insight magazine

The Hidden Gems of the CAA

The latest COVID-19 relief bill contains some headline grabbers, but other less trumpeted provisions could also make a big difference for CPAs and their clients. By Rick Meyer, CPA, MBA, MST | Digital Exclusives 2021

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As we start the new year, hopefully feeling refreshed, we can rejoice about at least one thing: more COVID-19 tax relief. On Dec. 27, 2020, President Donald Trump signed into law the Consolidated Appropriations Act (CAA), a combination of COVID-19 relief and many other provisions covering 5,593 pages. But as with all new tax laws, it boils down to the same basic formula: the headliner (provisions we’ve all read and heard about), the extenders (which simply extend past provisions), the esoteric provisions, and everything else.

This last category—everything else—is where the fun begins; the never-ending search to find those buried treasures in the new law. Here are a few that I would consider to be hidden gems, worthy of discovery:

Employee Retention Credit

With these new changes, employers could get a big payroll tax credit for keeping their employees on the payroll. This is now a 70 percent credit on up to $10,000 of qualified wages per employee per quarter for the first two quarters in 2021 through June 30, 2021. If employers qualify, they can claim up to $14,000 per employee in 2021.

This extends to employers with up to 500 employees. Note that this is a refundable payroll tax credit offsetting the employer’s portion of payroll taxes, so if these credits exceed payroll taxes you could be eligible for a refund. To qualify, the employer’s gross receipts for the first two 2021 calendar quarters must be at least 20 percent less than the 2019 quarter. Alternatively, employers can elect to use the prior quarter’s gross receipts to qualify.

There are various complexities and unanswered questions about how the Employee Retention Credit will impact other wage-based credits in the tax law and how to best utilize all available credits. Detailed and thorough analysis should be done based on each taxpayer’s unique circumstances. There will also need to be further guidance from the IRS and Treasury on this very special and potentially valuable credit.

PPP (Payroll Protection Program) Loans and Expense Deduction

The new law clarifies that business expenses paid with forgiven PPP loans are tax deductible.

Section 179D Made Permanent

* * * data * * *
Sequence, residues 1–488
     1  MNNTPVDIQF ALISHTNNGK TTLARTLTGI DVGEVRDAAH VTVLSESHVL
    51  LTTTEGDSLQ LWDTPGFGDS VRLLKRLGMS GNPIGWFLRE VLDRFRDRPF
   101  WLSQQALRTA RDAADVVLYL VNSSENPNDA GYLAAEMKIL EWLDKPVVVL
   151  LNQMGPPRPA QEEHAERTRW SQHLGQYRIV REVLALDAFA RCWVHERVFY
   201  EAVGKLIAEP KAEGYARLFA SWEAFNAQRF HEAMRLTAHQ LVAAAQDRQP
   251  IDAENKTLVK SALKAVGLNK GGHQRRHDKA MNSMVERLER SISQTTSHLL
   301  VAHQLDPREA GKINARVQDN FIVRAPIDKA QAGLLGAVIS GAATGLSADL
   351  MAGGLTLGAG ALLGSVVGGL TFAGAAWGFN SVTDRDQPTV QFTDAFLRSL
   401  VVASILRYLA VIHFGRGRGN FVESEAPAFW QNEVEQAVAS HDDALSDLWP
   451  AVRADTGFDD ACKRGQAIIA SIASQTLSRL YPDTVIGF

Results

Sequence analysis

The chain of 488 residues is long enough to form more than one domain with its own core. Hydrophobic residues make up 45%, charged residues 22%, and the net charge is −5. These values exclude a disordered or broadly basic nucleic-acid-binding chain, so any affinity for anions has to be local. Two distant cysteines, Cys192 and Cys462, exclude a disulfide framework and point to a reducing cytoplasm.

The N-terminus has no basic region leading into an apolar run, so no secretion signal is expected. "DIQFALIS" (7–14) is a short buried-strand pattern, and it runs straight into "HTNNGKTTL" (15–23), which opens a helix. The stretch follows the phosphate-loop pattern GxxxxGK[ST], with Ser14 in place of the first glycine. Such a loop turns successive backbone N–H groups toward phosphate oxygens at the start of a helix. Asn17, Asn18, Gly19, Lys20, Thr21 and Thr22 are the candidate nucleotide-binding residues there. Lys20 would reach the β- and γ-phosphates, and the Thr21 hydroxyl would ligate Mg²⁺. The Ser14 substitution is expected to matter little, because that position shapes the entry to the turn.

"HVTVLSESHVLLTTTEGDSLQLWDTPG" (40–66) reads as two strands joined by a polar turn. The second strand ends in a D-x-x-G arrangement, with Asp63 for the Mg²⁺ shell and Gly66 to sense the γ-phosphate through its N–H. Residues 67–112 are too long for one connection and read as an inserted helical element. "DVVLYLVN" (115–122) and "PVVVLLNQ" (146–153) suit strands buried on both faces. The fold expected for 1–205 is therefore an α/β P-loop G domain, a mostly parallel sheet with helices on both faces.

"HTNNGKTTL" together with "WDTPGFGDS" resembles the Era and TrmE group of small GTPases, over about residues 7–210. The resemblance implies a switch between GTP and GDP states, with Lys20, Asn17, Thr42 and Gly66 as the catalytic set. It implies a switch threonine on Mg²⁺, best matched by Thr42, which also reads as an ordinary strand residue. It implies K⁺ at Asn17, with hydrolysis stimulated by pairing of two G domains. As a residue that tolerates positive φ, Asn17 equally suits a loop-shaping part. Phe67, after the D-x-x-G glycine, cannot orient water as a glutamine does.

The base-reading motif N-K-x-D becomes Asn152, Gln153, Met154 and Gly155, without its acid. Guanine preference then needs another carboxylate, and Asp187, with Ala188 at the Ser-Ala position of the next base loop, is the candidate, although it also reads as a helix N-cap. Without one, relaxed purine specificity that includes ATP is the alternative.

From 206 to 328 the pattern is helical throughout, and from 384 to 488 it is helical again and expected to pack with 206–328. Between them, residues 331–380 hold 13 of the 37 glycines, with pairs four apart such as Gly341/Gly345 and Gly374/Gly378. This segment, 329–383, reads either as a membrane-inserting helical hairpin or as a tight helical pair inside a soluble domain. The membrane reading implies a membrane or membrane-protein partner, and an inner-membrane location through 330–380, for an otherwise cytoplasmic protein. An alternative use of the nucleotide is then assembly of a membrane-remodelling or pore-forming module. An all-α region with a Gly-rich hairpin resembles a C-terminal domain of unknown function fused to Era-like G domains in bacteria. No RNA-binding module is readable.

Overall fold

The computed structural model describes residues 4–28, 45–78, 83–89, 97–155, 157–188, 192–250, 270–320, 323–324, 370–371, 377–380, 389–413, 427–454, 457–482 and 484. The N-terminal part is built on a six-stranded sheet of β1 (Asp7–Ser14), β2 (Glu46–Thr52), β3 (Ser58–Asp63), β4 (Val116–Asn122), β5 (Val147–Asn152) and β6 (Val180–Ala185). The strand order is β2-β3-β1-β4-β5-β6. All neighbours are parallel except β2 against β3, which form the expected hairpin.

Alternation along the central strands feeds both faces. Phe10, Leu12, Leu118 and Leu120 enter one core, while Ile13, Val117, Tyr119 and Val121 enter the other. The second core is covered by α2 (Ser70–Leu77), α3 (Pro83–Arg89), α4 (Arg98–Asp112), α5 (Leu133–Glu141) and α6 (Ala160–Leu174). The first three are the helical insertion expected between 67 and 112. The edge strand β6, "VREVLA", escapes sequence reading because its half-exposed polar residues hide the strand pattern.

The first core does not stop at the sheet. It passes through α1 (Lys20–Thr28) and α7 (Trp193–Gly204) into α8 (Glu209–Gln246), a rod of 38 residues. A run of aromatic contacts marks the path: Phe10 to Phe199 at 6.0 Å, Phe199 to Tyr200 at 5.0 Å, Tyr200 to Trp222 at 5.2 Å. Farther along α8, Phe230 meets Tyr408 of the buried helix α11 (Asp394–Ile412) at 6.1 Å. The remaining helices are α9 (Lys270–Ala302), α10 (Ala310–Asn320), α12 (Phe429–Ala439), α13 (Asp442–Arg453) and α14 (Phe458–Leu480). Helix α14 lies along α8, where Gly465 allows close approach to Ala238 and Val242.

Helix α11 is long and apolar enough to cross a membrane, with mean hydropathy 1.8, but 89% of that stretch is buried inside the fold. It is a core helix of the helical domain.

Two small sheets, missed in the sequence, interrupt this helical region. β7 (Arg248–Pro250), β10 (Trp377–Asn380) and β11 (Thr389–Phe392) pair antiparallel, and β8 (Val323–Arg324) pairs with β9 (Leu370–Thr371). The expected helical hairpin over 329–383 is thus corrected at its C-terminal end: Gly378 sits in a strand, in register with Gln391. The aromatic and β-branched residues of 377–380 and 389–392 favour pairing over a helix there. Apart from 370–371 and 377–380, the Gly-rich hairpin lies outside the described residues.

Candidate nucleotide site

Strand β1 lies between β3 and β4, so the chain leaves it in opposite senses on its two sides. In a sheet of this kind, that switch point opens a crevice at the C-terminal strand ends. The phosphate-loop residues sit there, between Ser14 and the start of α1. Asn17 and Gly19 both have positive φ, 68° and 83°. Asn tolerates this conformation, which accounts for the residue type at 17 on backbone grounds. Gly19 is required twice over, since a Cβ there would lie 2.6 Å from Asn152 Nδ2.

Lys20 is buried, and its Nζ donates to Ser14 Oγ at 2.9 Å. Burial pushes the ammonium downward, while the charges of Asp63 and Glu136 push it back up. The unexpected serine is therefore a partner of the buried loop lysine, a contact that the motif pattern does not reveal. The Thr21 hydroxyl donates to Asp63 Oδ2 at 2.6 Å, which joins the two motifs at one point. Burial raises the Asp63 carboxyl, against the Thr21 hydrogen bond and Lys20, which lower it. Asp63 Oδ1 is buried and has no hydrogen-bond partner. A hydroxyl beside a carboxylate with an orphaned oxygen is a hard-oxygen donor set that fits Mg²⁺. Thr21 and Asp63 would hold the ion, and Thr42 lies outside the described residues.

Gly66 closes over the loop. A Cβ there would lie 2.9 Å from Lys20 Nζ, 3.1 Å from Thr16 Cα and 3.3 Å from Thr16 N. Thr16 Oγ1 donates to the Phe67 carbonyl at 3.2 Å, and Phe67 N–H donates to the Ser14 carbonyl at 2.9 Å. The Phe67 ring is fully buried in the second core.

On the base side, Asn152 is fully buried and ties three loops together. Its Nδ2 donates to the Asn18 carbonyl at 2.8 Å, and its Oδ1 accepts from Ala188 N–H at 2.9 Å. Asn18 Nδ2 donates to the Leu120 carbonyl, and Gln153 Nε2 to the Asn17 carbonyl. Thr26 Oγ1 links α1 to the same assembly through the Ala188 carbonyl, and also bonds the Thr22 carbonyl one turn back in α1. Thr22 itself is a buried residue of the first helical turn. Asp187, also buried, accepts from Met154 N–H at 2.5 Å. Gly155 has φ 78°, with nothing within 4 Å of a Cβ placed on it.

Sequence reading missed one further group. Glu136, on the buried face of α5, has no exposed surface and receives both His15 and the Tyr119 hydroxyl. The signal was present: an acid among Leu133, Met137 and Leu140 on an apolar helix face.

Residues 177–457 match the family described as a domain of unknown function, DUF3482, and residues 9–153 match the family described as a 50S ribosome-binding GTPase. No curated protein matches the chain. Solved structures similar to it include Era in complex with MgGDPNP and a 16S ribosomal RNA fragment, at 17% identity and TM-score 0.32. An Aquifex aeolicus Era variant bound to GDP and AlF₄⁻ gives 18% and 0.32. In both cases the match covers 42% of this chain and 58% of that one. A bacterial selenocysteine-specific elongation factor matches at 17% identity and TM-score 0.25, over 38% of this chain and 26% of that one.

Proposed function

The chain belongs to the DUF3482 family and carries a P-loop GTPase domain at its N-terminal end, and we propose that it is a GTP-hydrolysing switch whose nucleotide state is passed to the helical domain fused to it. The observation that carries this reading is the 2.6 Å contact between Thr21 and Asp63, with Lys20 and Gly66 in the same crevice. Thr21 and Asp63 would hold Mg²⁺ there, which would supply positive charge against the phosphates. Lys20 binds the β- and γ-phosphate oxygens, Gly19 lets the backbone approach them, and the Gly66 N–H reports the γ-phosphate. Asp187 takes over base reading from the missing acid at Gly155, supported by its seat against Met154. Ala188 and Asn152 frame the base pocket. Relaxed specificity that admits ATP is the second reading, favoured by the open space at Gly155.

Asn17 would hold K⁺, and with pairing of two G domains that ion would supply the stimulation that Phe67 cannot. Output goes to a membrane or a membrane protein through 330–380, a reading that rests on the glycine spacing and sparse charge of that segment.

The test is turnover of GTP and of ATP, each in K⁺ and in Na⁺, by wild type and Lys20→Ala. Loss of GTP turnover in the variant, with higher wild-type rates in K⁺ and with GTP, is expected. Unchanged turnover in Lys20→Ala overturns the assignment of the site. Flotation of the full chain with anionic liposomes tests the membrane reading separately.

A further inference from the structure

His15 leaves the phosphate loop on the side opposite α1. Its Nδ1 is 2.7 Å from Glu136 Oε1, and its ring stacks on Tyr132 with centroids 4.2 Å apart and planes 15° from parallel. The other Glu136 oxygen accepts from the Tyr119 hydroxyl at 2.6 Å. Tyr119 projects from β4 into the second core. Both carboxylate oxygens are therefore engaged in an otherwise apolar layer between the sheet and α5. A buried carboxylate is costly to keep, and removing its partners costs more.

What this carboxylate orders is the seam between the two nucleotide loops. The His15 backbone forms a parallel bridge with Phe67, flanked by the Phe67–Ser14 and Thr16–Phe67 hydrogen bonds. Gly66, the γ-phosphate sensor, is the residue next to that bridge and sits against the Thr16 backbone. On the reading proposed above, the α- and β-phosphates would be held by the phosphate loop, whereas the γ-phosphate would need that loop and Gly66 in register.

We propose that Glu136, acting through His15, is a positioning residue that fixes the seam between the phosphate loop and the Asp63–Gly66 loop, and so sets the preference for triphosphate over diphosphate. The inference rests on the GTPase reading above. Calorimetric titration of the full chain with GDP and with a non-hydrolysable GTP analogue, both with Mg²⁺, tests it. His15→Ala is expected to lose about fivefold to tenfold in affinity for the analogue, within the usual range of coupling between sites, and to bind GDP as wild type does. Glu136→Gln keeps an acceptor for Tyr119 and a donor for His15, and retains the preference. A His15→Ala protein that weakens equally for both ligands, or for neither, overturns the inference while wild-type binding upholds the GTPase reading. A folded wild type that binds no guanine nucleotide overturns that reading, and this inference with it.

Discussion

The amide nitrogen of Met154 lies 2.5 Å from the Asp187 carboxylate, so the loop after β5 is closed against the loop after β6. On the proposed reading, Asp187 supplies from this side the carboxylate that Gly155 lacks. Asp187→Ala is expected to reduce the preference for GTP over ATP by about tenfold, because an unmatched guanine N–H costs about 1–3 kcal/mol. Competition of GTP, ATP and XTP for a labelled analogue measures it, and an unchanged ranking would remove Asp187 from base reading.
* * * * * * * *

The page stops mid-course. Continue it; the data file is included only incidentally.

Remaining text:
If you are an architect, engineer, or contractor, or a CPA with any of these as clients, this is a huge opportunity to claim this—now permanent—deduction. This deduction applies if these taxpayers are encouraging green, energy-efficient design of public buildings, including improvements to the building envelope, lighting, heating, cooling, ventilation, or hot water systems.

The deduction can be up to $1.80 per square foot. Although the architect, engineer, or contractor doesn’t own the public building, they could be allocated this deduction from the government entity. It’s like a free deduction! Since it is calculated based on square footage, a large high school, elementary school, or public library could yield a sizable deduction to the architect, engineer, or contractor. This also applies to owners of commercial buildings.

Section 179D encourages energy-efficient designs while reducing energy costs for all. It’s a win-win for architects, engineers, contractors, the government, taxpayers, and commercial building owners.

Meal Deduction

For 2021 and 2022, the 100 percent deduction for business meal food and beverage is back. This includes carry-out and delivery meals.

Charitable Contributions

The non-itemizer, above-the-line deduction for cash charitable contributions increases to $600 for married taxpayers filing jointly (non-married filers or married filing separately are limited to $300).

Relief for FSA (Flexible Spending Account)

Remember the “use it or lose it” rule requiring employees to spend money in their FSA account for health or dependent care by year-end or lose this money? The old rules did allow a carryover of unused funds of up to $560 to 2021, but this little gem of a law eliminates the health and dependent care carryover limit. Now employees can carryover any unused amount from either the 2020 or 2021 plan year to the next year.

Buried within the 5,593 pages are many other provisions and hidden gems that will need to be discovered, understood, and put to use. I teased you here with just a few. Be prepared to read and find more buried treasures that could help you or your clients. Hang in there, get your fingernails dirty, and get digging!

Rick Meyer, CPA, MBA, MST is a long-time member of the Illinois CPA Society and a director for alliantgroup, a national firm that works with businesses and their CPAs to identify government-sponsored tax credits and incentives. He can be contacted at [email protected].

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  1. Bryan Rathjen | Jan 16, 2021
    Rick,  Extremely helpful article, thanks for this.

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